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Quislings Kindle Edition
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|Length: 246 pages||Word Wise: Enabled||Enhanced Typesetting: Enabled|
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Top customer reviews
This doesn't mean you're dragged through scripture after scripture. Instead you're thrust into things along with Usha (the female lead). You, as the reader, find out about the gods and their stories that span across multiple religions at the same time as she does.
The gradual unwrapping of information, through conversation or dreams or experiences in the story allows for the reader to feel as if they are along for the ride with Usha and her band of friends.
There are some dark themes, nothing too explicit, though a couple of scenes might upset some readers. Rape, violence and murder are involved in varying degrees, along with some cute fluffy animal cruelty.
I picked up this book now because I was after a horror. Alas, this one is not. I was not in the slightest bit scared nor find the content to be horrifying. Except, perhaps the over-the-top poetic and flowery writing. At times it got too much and I wanted the claw my eyes out.
Examples from the prologue:
"He gives me a glistening stare across the table covered with mirror and glass..."
"...my voice scratches the crypt silence of the shrouded kitchen."
"...the abusive loud smash destroys what's left of my calm"
And these examples are in the first few pages, yet this type of language continues the whole way through the story.
I liked the premise, I enjoyed the discovery of the rich prophecy and religion, but it failed to ultimately deliver a holistically satisfying book.
Some things I noticed:
33% - ... Over reach (each) other.
61% - might want to advise what GSR is.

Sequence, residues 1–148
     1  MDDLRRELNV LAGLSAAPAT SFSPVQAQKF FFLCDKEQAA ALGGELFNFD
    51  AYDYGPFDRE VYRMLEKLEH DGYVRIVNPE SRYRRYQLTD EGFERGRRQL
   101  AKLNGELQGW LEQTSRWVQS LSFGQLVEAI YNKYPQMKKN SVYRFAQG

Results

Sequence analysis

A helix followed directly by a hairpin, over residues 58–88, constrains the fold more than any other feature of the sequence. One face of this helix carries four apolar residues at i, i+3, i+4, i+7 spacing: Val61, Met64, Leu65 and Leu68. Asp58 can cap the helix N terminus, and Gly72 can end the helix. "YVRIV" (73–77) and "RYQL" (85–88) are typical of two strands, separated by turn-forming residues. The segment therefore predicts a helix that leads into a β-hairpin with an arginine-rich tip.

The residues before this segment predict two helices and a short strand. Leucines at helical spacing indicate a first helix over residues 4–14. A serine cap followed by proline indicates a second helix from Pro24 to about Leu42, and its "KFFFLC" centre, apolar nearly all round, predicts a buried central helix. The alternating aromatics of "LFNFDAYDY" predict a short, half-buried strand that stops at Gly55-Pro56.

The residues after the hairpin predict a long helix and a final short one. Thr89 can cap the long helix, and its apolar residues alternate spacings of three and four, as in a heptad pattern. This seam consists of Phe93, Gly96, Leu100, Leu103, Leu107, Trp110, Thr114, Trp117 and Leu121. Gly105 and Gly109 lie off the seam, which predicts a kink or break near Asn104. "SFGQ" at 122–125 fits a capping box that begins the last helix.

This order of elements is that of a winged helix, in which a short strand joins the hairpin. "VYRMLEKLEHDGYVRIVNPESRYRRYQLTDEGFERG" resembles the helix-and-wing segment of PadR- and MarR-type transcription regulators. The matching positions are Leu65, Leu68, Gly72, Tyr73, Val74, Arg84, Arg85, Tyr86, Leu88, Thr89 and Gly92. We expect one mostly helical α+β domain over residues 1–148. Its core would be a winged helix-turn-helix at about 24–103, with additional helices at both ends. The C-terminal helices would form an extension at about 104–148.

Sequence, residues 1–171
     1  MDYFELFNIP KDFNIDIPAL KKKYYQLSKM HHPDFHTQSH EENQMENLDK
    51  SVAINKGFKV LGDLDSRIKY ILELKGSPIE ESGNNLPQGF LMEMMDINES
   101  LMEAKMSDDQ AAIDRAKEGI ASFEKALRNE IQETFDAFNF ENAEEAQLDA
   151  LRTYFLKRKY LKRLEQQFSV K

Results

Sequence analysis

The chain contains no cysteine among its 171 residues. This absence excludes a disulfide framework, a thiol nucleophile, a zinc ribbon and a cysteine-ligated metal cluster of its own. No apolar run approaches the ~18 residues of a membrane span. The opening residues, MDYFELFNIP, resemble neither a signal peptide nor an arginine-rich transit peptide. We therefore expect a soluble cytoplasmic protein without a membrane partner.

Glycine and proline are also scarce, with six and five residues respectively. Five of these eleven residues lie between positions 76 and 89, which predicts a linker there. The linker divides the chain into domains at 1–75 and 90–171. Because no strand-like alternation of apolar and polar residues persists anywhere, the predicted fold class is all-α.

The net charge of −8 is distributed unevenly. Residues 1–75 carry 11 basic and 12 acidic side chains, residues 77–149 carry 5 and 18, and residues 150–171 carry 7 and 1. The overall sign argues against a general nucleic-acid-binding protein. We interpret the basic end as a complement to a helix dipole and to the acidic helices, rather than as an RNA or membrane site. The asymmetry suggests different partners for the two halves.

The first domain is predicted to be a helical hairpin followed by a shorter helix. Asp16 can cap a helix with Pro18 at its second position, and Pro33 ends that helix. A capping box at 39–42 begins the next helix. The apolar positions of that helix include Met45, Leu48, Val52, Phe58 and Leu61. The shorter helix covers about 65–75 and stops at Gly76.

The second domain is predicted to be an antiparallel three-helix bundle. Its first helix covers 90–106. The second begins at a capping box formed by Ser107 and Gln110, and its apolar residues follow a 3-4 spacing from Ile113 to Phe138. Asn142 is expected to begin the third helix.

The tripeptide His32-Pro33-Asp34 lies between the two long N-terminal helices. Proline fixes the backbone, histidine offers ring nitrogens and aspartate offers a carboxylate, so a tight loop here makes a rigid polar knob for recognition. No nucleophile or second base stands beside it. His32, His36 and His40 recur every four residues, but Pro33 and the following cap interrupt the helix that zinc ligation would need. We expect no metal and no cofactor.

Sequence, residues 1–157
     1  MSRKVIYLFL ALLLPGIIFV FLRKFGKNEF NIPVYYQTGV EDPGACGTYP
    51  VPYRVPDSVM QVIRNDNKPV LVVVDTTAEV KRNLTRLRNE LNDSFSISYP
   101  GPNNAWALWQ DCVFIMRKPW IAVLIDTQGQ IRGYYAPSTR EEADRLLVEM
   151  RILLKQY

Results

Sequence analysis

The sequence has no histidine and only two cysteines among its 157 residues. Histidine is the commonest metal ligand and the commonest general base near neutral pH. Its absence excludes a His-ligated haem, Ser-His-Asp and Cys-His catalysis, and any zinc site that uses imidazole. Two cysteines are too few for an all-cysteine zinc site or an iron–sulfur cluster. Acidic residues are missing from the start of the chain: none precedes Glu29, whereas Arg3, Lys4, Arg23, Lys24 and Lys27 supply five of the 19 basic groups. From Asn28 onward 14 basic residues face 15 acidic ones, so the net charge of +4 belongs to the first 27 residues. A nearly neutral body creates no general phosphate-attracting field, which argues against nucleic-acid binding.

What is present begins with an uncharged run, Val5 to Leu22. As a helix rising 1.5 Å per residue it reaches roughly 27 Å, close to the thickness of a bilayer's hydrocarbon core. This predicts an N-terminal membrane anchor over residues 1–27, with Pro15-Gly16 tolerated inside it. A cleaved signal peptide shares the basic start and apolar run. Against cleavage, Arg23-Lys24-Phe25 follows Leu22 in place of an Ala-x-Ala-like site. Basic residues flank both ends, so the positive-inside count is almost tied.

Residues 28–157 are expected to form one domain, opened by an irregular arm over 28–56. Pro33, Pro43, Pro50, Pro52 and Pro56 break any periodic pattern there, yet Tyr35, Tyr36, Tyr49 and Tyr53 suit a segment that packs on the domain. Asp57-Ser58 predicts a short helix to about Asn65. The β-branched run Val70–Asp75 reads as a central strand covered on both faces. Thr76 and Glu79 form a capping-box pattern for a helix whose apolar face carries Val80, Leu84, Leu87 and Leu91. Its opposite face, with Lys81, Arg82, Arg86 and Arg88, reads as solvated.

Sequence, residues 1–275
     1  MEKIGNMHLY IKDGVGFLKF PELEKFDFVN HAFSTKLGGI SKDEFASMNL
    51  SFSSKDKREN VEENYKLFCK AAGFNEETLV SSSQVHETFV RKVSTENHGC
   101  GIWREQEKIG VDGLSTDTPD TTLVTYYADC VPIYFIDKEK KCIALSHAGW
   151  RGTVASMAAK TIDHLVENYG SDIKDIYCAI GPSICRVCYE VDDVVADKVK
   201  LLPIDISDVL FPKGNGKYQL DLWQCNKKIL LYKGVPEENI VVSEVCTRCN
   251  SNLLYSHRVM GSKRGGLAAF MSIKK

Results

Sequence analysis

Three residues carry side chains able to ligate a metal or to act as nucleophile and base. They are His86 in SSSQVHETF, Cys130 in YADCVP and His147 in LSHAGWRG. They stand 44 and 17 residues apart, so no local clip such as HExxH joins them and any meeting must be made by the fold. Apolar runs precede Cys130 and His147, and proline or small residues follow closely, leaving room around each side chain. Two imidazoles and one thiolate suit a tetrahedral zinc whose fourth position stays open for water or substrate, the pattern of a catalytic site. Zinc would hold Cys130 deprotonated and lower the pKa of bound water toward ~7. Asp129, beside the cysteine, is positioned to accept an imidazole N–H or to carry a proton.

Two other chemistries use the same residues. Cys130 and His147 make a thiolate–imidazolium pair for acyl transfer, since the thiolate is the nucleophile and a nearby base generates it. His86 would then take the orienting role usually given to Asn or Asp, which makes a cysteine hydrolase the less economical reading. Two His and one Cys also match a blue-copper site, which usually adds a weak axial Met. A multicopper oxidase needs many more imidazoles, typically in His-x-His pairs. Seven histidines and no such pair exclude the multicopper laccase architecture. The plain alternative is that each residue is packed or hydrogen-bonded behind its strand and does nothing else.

66% - her lags (legs) crossed on the seat.
91% - ...more security (than) she's ever had.
But his name lived on, becoming synonymous with deceit and treachery. However, with the passing of years, the epithet has fallen out of favor, and now, many do not even recognize it. But still, even the saying of the name denotes a dark, loathsome, slippery creature; one who cannot be trusted. Names are always important clues in Poppet's stories; so even though the reader will never hear the name spoken in the book, it is well to remember the foul title.
Usha is the main character in this story, living in Cancun, close by her three male buddies, Ju, Caden and Nemun. None of them are locals, but they've all managed to find a way to make a living in the shadow of this popular resort destination. In this story we don't sit by the pool with the wealthy tourists; we walk the streets with the regular people, letting the culture, the music and the danger settle upon us.
One evening the four friends decide to play a dangerous occult game -Spirit in the Glass; attempting to summon and speak to a spirit. The game backfires on them and they are pulled into a dark struggle of good against evil. As lives begin to unravel, Usha finds herself seconding guessing both knowledge and instinct. Though all three men have a dangerous appeal to her, she's always felt safe around them. But now, she's not so sure. Her boyfriend Ju is acting strangely and her other two friends are not themselves either.
Usha realizes there is something about this place and time; a confluence of past, present and future roiling in conflict and unraveling her world as the stars, the temples, the Mayans, Aztecs, beliefs both ancient and modern, old world and new, seem to be coming into an alignment that is somehow dependent upon her. This is a dangerous story; but one that in the end, boils down to trust, love, and a search for truth.
Quislings is set against in impressive backdrop of history, legend, and the seemingly effortless blending of the spiritual truths of many cultures. Somehow Poppet navigates us through this frightening journey and at the end we find ourselves whole, loved; wiser for the trip and optimistic of our future. Definitely five out of five stars.